Nov. 29--The future of Obamacare is becoming a major bone of contention in the government's lawsuit that seeks to block Aetna's $37 billion purchase of Louisville-based Humana.
With the opening of the trial scheduled for Monday, court documents show that even Aetna's motives for scaling back participation in Obamacare are becoming an issue between the Department of Justice and the Hartford insurer.
The government filed suit to block the merger earlier this year saying it would create Medicare Advantage monopolies, or at least too much market power, in some counties. Medicare Advantage policies are managed care plans run by for-profit insurers and an alternative to traditional Medicare.
Justice Department lawyers also said the merger would drive Obamacare plans' prices up in 17 counties where Aetna and Humana now compete for customers.
In a pretrial memo filed with U.S. District Judge John D. Bates in Washington, D.C., Justice Department prosecutors wrote that the insurer announced in August that it would stop selling policies on Obamacare exchanges in Florida, Georgia and Missouri as a tactic in the antitrust case.
"A firm should not be able to avoid judicial review by withdrawing from a market in an effort to undermine the government's case -- particularly where it can reverse that decision," they wrote.
Aetna said it decided to stop selling Obamacare policies in 500 counties -- not just the 17 counties where it currently competes with Humana -- because it projected it would lose $300 million in 2016 in plans under Obamacare.
Ultimately, Aetna concluded, "The government's effort to create a sideshow about Aetna's intent does not change the fact that Aetna's exit from the challenged counties forecloses the possibility of any anticompetitive effects in those counties."
Aetna took aim at Obamacare, also known as the Affordable Care Act, which President-elect Donald Trump has said he plans to dismantle.
"It is beyond dispute that ACA exchanges are threatening to collapse under their own weight," Aetna said. "The government appears intent on punishing Aetna for refusing to continue in a deeply flawed program."
Aetna said there is no evidence suggesting it will return to the 17 counties where Humana sells Obamacare plans. Moreover, the company said, "there are real questions whether the exchanges will exist at all after ACA opponents assume control of the executive and legislative branches early next year."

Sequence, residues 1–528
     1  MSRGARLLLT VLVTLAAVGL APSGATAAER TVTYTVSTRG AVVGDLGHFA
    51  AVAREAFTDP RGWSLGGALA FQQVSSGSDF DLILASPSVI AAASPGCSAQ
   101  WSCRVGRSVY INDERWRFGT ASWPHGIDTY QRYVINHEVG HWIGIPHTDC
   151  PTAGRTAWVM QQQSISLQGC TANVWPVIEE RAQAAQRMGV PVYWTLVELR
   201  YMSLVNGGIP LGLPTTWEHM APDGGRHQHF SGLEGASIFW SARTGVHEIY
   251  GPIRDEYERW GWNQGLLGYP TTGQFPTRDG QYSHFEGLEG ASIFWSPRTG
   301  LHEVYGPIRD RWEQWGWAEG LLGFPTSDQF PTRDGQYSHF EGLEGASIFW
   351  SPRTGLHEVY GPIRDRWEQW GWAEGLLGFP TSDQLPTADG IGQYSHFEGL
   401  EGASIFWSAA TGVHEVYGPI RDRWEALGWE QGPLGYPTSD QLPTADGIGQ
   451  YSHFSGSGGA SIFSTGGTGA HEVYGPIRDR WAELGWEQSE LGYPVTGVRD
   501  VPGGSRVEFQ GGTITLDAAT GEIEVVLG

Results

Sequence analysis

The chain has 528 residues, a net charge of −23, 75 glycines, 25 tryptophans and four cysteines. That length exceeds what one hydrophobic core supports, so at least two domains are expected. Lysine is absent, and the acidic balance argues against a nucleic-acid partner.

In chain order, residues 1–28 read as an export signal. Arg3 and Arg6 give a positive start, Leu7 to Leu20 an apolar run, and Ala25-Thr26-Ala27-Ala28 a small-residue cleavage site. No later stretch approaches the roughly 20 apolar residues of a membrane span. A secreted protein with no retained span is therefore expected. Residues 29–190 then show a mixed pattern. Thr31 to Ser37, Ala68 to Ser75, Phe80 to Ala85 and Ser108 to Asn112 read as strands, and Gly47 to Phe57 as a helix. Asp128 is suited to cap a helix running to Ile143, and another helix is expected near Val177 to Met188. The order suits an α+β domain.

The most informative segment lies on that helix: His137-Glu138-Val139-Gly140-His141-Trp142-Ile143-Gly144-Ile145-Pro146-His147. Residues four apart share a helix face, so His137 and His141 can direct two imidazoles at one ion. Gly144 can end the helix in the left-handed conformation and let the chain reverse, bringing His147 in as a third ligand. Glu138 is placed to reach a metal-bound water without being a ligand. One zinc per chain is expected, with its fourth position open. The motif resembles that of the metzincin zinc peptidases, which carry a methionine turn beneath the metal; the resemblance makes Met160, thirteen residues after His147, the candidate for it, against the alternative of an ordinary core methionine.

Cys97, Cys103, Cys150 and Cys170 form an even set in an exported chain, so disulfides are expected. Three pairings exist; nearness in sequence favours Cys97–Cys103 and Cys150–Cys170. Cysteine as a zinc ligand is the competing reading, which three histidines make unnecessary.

The pretrial moves come as Anthem's attempt to buy Cigna for $48 million enters a second week of an antitrust trial in federal court in Washington, D.C., with many of the same issues raised.
Even if Bates agrees with Aetna, and throws out the Obamacare part of the case, he could still decide the merger violates antitrust laws because of the increase in market share in Medicare Advantage.
According to the government, 23.7 million Medicare recipients live in the 675 counties where Aetna and Humana compete in selling Medicare Advantage plans.
Aetna and Humana say traditional Medicare and Medicare Advantage should be considered all one market, because seniors can choose either system. They note that about a third of Aetna and Humana's new Medicare Advantage customers just switched from traditional Medicare.
Humana's strength in Medicare Advantage was what made it attractive as an acquisition. It sells the most Medicare Advantage plans of any insurer. Aetna is fourth in the market, and only 3 percent of the people it covers with health insurance are covered through Medicare Advantage.
The government says that one of its experts, professor Aviv Nevo of the University of Pennsylvania, says that as a result of the greater market power under the merger, customers would pay $340 million more in premiums each year, and it would cost taxpayers an additional $135 million in federal payments to insurers.
A combined Aetna-Humana would have a monopoly in Medicare Advantage in 70 counties, and would have at least 80 percent of Medicare Advantage customers in 80 counties.
Aetna and Humana have promised to divest Medicare Advantage business in 21 states to Molina, a company that specializes in Medicaid managed care.
In addition to defending itself against monopoly charges, Aetna says that becoming bigger will create savings that will flow to consumers.
Aetna says it will be able to save $2.8 billion as a combined company, and that $330 million in efficiencies would flow directly to consumers.
The savings will come, among other places, from "the elimination of duplicative personnel; savings associated with moving Aetna's relatively cost-inefficient Medicare business onto Humana's relatively cost-efficient Medicare Business."
Aetna CEO Mark Bertolini agreed to send the Medicare segment to Louisville, Ky., in order to convince Humana's CEO to sell.
Aetna's memo also says that the new Aetna will save in information technology, including moving Humana's claims review to Aetna's system; it will use the most favorable contracts between the two firms for procurement; and using Humana's in-house pharmacy will be cheaper than Aetna's pharmacy benefit management contract.
"The efficiencies overwhelm the Government's argument even more when, at best, the Government is hanging its hat on a small minority of counties where the parties compete for Medicare customers and a tiny handful of counties in which they previously competed for public exchange customers," Aetna's lawyers wrote.
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